Over the last few years, we have increased the lowest paid colleague salaries by 25 per cent. And we are not stopping there: we’ve got another increase that we’re working on that will be pretty significant and really important.

We’ve also tied the compensation for the lowest wage worker to the highest wage worker. For example, the Foodshare Executive director can make no more than three times what our lowest paid worker makes. From now on, we’re all going to be moving forward together — if we’re moving at all.

Given that CEOs and Executive Directors in the nonprofit sector often make many — sometimes 100 times — what the lowest paid employee makes, I think that is pretty radical.

We are also really committed to really thinking about how we challenge low wages for any kind of work, not just within our organization, but within the entire sector and within the food system. One of the directors on our board is a food delivery carrier.  He has been helping us think about the range of opportunities that exist to support low wage workers in the food system.

LiisBeth: Was the increase and wage compression policy a tough sell internally?

Paul: No, it wasn’t because it’s all about how we do board recruitment and who is on our board.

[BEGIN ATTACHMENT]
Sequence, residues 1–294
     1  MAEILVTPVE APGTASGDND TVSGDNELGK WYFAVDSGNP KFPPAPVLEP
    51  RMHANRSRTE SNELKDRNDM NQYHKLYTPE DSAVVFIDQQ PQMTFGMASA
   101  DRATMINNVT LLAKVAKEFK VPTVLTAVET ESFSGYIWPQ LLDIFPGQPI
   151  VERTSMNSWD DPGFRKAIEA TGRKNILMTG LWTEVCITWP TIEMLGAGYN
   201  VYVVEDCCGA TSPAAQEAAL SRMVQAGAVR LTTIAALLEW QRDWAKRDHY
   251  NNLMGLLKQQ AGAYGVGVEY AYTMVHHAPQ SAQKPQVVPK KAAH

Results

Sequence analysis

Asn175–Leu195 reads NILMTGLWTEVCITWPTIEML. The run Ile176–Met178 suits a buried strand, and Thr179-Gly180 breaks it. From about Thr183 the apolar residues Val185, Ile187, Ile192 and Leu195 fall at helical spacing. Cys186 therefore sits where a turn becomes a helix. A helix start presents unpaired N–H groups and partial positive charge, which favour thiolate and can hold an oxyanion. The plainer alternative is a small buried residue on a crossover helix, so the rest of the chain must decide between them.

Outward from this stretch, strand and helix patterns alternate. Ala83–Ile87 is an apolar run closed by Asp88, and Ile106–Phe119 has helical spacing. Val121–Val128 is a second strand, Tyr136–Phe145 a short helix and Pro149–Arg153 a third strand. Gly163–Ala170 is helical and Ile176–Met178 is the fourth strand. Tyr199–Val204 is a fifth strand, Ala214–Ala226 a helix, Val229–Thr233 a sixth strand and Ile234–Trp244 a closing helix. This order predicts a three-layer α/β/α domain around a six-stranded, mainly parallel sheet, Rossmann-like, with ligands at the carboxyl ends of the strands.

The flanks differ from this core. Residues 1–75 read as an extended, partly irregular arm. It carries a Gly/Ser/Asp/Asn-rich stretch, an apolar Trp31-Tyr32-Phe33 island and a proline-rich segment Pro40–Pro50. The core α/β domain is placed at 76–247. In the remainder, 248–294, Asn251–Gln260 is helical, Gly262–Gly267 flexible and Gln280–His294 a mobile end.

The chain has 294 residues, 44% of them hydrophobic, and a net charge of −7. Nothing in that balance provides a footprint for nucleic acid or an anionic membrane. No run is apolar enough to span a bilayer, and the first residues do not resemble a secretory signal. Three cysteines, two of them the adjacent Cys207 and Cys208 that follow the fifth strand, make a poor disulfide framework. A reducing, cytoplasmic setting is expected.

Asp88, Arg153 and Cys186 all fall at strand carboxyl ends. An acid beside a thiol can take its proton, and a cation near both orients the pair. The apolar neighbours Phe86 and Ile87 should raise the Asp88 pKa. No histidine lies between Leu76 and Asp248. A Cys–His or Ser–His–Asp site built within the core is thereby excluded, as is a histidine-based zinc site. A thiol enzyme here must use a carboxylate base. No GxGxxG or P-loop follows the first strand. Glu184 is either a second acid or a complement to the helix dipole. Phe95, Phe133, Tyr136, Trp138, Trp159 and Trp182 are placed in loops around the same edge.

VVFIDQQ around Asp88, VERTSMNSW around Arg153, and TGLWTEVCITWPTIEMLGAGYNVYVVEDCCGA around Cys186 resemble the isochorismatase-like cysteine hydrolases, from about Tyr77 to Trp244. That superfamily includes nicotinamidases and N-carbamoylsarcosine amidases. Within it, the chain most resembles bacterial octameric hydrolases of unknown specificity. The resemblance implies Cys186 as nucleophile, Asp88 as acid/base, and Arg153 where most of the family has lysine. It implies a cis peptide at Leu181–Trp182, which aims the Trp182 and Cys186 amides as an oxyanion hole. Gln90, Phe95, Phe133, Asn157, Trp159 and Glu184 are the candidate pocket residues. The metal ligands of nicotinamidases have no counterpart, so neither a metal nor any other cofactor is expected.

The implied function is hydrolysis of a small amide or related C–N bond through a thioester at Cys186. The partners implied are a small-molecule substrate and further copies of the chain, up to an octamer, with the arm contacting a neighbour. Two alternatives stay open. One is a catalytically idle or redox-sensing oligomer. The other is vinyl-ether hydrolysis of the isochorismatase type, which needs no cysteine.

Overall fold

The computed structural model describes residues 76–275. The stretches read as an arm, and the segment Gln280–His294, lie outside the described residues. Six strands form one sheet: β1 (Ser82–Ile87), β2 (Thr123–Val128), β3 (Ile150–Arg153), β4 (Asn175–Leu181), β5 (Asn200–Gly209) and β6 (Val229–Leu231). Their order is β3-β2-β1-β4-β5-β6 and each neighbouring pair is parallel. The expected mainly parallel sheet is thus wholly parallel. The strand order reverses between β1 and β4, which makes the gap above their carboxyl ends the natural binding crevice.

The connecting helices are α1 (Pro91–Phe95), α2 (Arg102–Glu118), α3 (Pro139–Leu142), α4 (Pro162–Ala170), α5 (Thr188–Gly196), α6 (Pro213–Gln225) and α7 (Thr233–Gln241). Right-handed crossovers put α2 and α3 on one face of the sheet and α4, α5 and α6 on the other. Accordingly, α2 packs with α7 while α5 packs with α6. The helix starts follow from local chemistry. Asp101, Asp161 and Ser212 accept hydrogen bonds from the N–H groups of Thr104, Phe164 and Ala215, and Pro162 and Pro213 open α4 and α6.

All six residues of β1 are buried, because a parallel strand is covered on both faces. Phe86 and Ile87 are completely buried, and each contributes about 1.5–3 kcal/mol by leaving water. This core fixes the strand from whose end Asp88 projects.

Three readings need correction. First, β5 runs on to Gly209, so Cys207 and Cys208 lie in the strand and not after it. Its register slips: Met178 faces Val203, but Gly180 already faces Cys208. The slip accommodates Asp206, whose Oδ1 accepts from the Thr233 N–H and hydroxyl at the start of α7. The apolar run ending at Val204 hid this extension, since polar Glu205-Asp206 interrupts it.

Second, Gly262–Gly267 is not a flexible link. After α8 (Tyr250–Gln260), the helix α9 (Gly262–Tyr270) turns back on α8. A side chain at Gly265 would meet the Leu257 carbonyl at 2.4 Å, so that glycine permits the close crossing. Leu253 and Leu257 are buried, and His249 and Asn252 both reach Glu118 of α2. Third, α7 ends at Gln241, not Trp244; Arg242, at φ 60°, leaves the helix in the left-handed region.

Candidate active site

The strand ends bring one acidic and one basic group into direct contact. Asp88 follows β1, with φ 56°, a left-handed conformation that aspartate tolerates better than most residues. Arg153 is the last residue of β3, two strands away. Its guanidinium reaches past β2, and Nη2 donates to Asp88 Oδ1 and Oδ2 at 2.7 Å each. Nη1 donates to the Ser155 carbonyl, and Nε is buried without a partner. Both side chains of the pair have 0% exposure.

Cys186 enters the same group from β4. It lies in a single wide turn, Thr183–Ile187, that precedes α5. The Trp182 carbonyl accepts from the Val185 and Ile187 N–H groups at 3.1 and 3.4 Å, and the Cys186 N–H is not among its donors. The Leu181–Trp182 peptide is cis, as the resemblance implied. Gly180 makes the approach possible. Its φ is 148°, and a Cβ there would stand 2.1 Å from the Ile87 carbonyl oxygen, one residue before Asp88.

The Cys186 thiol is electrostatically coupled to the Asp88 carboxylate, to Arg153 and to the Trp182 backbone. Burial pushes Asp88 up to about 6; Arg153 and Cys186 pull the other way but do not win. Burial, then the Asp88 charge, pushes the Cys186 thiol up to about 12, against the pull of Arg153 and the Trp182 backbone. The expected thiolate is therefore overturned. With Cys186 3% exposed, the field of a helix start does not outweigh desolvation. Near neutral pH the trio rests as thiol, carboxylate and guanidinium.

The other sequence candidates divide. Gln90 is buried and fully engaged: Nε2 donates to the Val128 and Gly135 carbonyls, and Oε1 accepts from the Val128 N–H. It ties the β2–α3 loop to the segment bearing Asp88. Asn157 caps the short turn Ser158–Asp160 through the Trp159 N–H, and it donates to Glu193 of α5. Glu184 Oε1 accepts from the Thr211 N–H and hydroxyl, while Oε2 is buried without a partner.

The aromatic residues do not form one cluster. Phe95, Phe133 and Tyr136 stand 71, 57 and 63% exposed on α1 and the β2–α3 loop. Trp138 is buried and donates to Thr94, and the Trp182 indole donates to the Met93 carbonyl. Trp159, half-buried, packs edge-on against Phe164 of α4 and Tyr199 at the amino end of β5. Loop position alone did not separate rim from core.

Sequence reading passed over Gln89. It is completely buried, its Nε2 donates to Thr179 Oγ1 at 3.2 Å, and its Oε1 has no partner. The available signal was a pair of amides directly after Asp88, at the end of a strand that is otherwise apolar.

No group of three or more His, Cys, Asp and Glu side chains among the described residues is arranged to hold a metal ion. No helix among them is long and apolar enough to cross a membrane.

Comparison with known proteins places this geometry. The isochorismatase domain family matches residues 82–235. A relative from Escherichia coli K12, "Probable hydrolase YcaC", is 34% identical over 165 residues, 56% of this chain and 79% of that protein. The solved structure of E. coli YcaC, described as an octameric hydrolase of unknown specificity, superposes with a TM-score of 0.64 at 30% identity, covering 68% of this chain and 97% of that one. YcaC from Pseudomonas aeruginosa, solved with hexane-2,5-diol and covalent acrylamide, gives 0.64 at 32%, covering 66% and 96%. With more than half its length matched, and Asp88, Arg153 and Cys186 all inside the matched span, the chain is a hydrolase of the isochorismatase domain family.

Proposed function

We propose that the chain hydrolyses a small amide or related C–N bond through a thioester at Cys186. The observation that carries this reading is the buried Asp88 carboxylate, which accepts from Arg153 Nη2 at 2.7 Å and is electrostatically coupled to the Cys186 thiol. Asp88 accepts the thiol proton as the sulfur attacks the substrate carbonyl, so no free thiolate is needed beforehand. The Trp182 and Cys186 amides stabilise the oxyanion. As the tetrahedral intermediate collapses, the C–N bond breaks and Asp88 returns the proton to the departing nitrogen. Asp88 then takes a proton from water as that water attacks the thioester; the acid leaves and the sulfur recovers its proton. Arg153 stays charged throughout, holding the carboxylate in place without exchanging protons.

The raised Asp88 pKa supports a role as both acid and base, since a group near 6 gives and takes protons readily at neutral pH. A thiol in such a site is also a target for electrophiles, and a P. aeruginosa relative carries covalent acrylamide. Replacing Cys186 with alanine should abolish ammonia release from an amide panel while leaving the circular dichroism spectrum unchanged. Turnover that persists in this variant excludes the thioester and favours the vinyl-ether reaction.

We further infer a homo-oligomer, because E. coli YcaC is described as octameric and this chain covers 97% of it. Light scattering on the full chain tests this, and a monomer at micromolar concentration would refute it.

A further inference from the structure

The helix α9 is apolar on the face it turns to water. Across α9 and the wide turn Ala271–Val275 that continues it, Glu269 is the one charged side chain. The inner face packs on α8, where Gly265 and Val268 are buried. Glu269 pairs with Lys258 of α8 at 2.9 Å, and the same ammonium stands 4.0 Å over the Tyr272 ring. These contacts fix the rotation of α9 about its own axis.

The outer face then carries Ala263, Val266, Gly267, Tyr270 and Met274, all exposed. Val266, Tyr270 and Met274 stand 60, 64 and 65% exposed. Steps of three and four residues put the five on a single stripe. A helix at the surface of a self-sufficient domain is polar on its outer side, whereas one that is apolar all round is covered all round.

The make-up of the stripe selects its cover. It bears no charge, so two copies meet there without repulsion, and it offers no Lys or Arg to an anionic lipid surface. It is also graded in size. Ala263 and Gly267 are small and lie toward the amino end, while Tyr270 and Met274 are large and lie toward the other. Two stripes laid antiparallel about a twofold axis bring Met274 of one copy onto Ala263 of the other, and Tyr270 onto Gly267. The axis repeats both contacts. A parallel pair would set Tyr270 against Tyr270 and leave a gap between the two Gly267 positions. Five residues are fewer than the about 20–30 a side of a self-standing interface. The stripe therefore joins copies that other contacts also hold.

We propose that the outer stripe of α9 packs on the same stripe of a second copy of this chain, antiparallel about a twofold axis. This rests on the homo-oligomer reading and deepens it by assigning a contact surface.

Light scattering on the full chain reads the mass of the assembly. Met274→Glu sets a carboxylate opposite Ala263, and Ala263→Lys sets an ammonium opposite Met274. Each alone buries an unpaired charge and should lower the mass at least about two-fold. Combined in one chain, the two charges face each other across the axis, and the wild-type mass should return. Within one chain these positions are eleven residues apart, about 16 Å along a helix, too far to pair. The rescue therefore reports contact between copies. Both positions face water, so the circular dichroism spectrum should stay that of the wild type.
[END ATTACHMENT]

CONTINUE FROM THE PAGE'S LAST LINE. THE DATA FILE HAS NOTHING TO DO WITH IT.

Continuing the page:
Traditionally boards look for directors who have certain professional designations like finance, legal, HR, or look for those with a C-suite title as a proxy for credibility, capability and intelligence. When we recruit on these terms, all we are doing is recreating the barriers that exist in society, for example, access to education.

So instead we flipped the norm on its head. Instead, we say, we’re going to prioritize recruiting board members that get the philosophical underpinnings of the organization, who have a commitment to equity, food justice, have lived experience with these issues to wisely design and implement new approaches, and who are willing to roll up their sleeves and dedicate resources to challenging those inequities.

If directors lack experience or education in certain areas, say in interpreting financial statements, board governance or investments, then we say, how can we provide support? We invest dollars in building our board’s capacity instead of expecting folks to have gone through all of the hoops that society presents to qualify, hoops that we all can’t reach.

LiisBeth: When you changed your ideas about who qualifies as a board director, did that change the make up of your board?

Paul: Completely. Today, our board is headed by an Indigenous activist, Crystal Sinclair. Our board is now predominantly made up of BIWOC folks. It’s unlike any board for an organization our size that I’ve ever seen. It’s composition really affects the key decisions that we make and how we show up in these decisions. For example, when we’re having a conversation about things like defunding the police, we’re not talking as (white) allies, we’re saying stop killing our communities because we are part of those communities. It changes how we show up on these issues, where we locate ourselves in these issues, and how we advocate.